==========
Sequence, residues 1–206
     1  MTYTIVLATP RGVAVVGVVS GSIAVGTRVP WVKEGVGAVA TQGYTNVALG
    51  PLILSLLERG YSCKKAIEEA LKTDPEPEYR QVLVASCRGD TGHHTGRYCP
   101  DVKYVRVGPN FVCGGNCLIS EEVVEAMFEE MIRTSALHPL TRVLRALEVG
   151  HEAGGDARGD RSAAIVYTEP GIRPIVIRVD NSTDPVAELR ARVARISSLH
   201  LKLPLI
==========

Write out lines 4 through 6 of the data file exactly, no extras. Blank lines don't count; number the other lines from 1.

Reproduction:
   101  DVKYVRVGPN FVCGGNCLIS EEVVEAMFEE MIRTSALHPL TRVLRALEVG
   151  HEAGGDARGD RSAAIVYTEP GIRPIVIRVD NSTDPVAELR ARVARISSLH
   201  LKLPLI